Inclusive Design Requires Company Buy-In… Take It From YouTube

February 16, 2022 BY ELISA LEWIS

“It takes a village” is an old African proverb that refers to raising a child, but it can also be expanded to imply that it truly takes a team of people to successfully complete such a monumental goal. If you’ve ever worked to implement accessibility or inclusive design at your organization, you know this feeling all too well.

We hosted a webinar on the future of video player accessibility, and we learned that company buy-in at YouTube is essential to to the creation of accessible web design for all. YouTube’s parent company, Google, even emphasizes this message in their own mission statement:

Organize the world’s information and make it universally accessible and useful. – Google

Despite this, Matthew Schweitz (former Engineering Manager at YouTube) explained “it doesn’t really work this way. There’s always something that seems to trump accessibility in a large organization – priorities don’t necessarily align in favor of accessibility.”

So… how does YouTube make accessibility a design priority anyway?

YouTube’s Commitment to Accessibility and Inclusive Design

By “thinking about accessibility as a dimension of overall product quality,” says Schweitz. 

An organization must consider the incorporation of accessibility throughout all metrics of product quality that you can test, measure, and integrate, just as developers must consider factors like UI polish and particular bug fixes. In this way, accessibility becomes essential to building and shipping a product.

Through education and evangelization within the organization, YouTube has effectively framed accessibility in a way that allows developers to understand the role that it plays in product quality to ensure that it’s a design consideration from the beginning.

Adding Closed Captions on YouTube

As a demonstration of this commitment to accessibility, YouTube offers features of great benefit to deaf and hard of hearing individuals. Overall, the platform’s priorities include ensuring the viewer experience is great, as well as making sure that as many videos as possible are captioned.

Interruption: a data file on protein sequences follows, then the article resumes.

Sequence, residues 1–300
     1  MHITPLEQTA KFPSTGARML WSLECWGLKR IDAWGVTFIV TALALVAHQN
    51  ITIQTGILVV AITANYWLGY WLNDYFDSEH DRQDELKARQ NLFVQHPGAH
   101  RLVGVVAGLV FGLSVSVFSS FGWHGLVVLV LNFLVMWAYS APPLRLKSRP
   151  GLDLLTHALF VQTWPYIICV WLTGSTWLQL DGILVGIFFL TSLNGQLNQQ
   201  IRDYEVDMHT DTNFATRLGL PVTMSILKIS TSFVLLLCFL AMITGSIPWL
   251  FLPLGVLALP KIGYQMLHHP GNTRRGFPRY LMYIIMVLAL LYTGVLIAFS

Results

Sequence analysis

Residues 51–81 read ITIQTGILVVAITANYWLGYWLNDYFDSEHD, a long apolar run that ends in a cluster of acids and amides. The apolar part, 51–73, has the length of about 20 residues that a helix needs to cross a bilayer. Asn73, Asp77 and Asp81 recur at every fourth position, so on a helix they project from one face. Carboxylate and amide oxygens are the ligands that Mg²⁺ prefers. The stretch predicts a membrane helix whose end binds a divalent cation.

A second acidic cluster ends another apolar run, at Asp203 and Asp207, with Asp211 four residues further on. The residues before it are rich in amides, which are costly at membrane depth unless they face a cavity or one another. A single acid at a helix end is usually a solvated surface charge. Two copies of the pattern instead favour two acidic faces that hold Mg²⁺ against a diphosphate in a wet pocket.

YouTube video screenshot emphasizing the CC button, with a slide that reads "Create accessible, searchable, and engaging videos"

One way they’re addressing and enhancing the viewer experience is through customization features, which allow viewers to select when they want captions to show and how they’d like the captions to look. From the creator perspective, YouTube offers two methods for captioning video content:

Caption Files Uploaded by Creator

While some creators used to be able to rely on crowdsourced captions, YouTube has since done away with their fan-fueled captioning feature. There was one positive outcome after scrapping the feature, though – more creators began making and providing their own captions.

Using the Creator Studio tools available, content creators can upload caption files that were created personally or by captioning and transcription experts. There are a few different ways to create your own captioning and transcription workflows, but each comes with a varying length of time required and average accuracy rate. On the other hand, captions creating by experts like us average 99.6% measured accuracy.

Automatic Captions

By default, YouTube offers automatically generated captions on all videos. These are created using automatic speech recognition (ASR) software, which admittedly produce less-than-desirable results – but Google acknowledges that this technology is useful in cases where no other alternative is available.

With an average of 70% accuracy, ASR can be expected to get about 1 in 3 words wrong. While auto-captions are the most scalable (and least expensive) method of captioning, they are also the least accurate and ultimately least useful to the end user.

The Future of YouTube Accessibility

YouTube continues to introduce improvements to address blind and low vision viewers as well, such as the addition of technical elements like tab indexes, aria-owns, and labels to help these users more easily navigate and operate the video player. Additionally, users can also skip ads using keyboard controls or a screen reader.

Looking ahead, YouTube plans for continued improvement in their inclusive design efforts – including the development of support for audio description. 



Learn more about 3Play Media’s integration with YouTube:

YouTube x 3Play Media learn about the integration

This post was originally published on April 29, 2015 by Emily Griffon, and has since been updated for accuracy, clarity, and freshness.

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